A term often used in transfer pricing lingo is “contemporaneous transfer pricing documentation.” The meaning of this term is not always clear for everyone. In this short article we explain what it means.
What does contemporaneous mean?
Based on the online Cambridge dictionary “contemporaneous” means “happening or existing at the same period of time”.
In the world of transfer pricing, contemporaneous documentation means:
…the documentation and information that taxpayers have relied upon to determine the transfer price prior to, or at the time of undertaking an intercompany transaction.
Are there any limits to the recency of the files?
In most countries, taxpayers nowadays are required by law to have contemporaneous transfer pricing documentation available to substantiate the transfer pricing applied to their intercompany transaction(s). To achieve this, a taxpayer must use the latest available information and data.
Normally, tax administrations also accept transfer pricing documentation as “contemporaneous” when it has been prepared not later than the filing due date of the tax return for the financial year in which the intercompany transaction took place.
What is the scope of contemporaneous documentation?
In theory, the scope of contemporaneous transfer pricing documentation is very broad. After all, a wide variety of information and data may be relevant when determining transfer prices.
Fortunately, the OECD has acknowledged that taxpayers should not be expected to incur disproportionately high costs when producing documentation. Tax authorities should balance requests for documentation against the expected cost and administrative burden to the taxpayer creating it.
Example of contemporaneous transfer pricing documentation in practice:
In FY 2020, Cheerful Cheesecakes Holdings grants a USD 5m loan to its subsidiary: Cheerful Cheesecakes Trading. Both entities are tax resident in Singapore. To determine the arm’s length terms and conditions for this loan transaction, including the interest rate, a benchmark study is done, and a transfer pricing report is prepared.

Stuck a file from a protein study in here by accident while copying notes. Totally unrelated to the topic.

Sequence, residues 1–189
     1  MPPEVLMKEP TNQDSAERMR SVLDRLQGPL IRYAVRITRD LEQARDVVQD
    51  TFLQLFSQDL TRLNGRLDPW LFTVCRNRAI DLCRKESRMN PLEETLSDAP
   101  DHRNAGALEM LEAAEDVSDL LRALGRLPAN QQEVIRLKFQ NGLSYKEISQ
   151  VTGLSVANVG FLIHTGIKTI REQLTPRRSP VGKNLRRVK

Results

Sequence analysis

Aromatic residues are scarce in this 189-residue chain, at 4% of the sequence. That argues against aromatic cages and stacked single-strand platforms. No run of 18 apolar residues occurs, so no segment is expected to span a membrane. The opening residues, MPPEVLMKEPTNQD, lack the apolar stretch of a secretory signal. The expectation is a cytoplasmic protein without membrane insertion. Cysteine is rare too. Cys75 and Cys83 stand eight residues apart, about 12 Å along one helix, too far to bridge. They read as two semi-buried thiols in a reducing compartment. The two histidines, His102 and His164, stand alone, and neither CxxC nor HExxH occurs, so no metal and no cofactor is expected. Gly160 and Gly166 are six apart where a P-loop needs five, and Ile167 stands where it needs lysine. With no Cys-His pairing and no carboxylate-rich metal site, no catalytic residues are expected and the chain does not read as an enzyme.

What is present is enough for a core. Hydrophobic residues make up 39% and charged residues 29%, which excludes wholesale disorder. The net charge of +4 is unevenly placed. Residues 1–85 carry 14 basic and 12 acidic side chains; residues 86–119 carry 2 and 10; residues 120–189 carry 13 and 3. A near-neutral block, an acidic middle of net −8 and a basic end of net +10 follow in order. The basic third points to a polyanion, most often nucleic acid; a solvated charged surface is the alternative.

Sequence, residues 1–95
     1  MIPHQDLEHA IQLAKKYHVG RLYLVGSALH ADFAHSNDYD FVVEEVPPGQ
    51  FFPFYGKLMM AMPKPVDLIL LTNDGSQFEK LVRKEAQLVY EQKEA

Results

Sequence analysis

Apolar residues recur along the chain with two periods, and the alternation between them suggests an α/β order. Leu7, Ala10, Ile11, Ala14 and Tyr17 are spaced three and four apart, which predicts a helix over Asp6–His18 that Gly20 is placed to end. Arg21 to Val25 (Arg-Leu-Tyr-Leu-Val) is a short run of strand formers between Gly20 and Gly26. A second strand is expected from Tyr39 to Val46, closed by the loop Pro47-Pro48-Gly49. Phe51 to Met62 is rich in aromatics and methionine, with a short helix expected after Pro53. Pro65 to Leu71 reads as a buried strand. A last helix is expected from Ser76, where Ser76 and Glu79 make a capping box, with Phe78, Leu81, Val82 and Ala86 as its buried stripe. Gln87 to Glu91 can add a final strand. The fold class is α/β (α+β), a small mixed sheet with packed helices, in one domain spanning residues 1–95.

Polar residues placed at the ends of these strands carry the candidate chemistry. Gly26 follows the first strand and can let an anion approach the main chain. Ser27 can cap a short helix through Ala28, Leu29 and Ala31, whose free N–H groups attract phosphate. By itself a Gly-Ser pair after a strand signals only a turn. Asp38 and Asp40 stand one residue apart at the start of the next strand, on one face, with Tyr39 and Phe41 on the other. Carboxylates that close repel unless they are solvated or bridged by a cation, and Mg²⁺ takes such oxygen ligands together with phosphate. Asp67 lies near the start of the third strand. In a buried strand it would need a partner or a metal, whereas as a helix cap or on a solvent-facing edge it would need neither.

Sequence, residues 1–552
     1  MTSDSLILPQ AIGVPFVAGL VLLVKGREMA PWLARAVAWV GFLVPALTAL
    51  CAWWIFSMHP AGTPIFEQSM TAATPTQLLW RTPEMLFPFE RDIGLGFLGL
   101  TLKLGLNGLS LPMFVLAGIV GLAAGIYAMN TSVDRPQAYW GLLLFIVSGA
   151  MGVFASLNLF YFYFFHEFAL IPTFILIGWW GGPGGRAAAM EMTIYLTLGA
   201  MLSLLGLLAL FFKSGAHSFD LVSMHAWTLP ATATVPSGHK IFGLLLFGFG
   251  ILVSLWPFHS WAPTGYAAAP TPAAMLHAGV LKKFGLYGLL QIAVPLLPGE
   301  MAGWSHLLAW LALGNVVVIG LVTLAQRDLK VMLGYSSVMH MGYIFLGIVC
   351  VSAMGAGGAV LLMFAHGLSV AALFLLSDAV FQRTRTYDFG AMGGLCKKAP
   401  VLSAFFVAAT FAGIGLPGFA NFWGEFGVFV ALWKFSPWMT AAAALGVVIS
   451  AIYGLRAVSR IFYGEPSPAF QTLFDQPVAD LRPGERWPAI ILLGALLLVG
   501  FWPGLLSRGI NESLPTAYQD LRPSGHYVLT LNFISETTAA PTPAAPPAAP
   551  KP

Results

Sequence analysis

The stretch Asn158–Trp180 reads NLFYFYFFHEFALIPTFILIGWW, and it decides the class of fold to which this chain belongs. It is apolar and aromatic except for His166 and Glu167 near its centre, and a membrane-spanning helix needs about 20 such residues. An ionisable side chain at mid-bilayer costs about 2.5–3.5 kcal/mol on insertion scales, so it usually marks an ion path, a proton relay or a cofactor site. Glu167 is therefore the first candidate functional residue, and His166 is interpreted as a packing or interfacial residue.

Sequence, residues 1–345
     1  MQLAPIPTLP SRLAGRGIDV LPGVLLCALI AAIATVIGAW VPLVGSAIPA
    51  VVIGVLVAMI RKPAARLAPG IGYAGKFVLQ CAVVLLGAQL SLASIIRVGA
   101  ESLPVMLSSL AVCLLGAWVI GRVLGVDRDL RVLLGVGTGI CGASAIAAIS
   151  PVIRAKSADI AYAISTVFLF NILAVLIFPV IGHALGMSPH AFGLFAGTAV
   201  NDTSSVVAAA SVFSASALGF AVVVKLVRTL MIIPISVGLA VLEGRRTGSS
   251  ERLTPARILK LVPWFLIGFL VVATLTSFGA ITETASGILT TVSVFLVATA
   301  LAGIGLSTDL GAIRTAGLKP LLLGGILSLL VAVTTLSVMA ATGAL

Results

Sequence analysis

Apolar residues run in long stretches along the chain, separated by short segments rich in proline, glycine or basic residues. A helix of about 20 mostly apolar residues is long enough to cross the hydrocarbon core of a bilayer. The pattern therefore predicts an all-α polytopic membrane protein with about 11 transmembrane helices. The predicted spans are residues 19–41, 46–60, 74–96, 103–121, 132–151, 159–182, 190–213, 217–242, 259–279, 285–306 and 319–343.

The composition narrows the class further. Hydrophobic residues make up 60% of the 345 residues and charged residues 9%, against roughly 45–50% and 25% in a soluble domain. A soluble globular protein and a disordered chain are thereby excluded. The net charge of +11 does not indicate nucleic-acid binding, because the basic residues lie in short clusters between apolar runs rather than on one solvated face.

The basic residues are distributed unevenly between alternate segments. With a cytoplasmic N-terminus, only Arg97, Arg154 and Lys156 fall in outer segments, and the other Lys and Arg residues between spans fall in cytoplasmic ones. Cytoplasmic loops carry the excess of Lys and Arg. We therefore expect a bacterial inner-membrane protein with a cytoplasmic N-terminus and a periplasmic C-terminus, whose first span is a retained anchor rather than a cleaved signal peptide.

The loan transaction is concluded in accordance with the transfer pricing report and processed in the FY 2020 financial statements of both entities.
In 2021, the entities are required to file their corporate tax returns for FY 2020. When preparing these tax returns, the entities assess whether the terms and conditions of the loan still meet the arm’s length test. The conclusion is affirmative. The outcome of the assessment, and the market data that has been gathered is written down in an internal memo.
The loan transaction is reported in the tax return in accordance with the financial statements for FY 2020. In this case, the entities have done their homework and should easily pass the contemporaneous documentation test.
Tips for ensuring contemporaneity in your records
Care to know how to ensure that your transfer pricing documentation qualifies as contemporaneous?
Here are three tips…
1 Start in time
If you start thinking in 2020 about preparing documentation for an intercompany transaction that was undertaken in FY 2018 and reported in a tax return submitted early 2019, you are obviously too late.
Ideally, documentation is in place prior to, or at the time of, undertaking an intercompany transaction. If that isn’t feasible, at least ensure that documentation is in place before the filing due date of the tax return for the financial year in which the intercompany transaction took place.
2 Review Regularly
Transfer pricing documentation usually covers multiple years. This is acknowledged in the OECD. In some cases, this leads to people thinking that documentation can be locked up in a drawer and forgotten. This is incorrect.
One needs to regularly review the documentation and check if there are needs for updates. The bare minimum is once a year when preparing the tax return. But we recommend more frequent reviews to check if the terms and conditions are still in line with market practice—and reflective of reality.
An example of the importance of having frequent reviews is the financial and economic impact of COVID-19 on business models and profitability of enterprises, and as a logical result: their intercompany transactions.
3 Keep clean files
An important lesson we learned when dealing with tax authorities around the world: it is always appreciated if a taxpayer has its files in order.
If requested information is readily available and comprehensive, it shows that a taxpayer has considered matters and is organized. It is therefore advisable to come up with a strategy for gathering, documenting, and storing information relevant to transfer prices. A transfer pricing policy can also help with this.
Solid contemporaneous transfer pricing documentation
Thank you for reading this article.
We trust you understand how to ensure contemporaneity in your transfer pricing documentation.
If you want to prepare rock-solid transfer pricing documentation, make sure to check out our transfer pricing templates.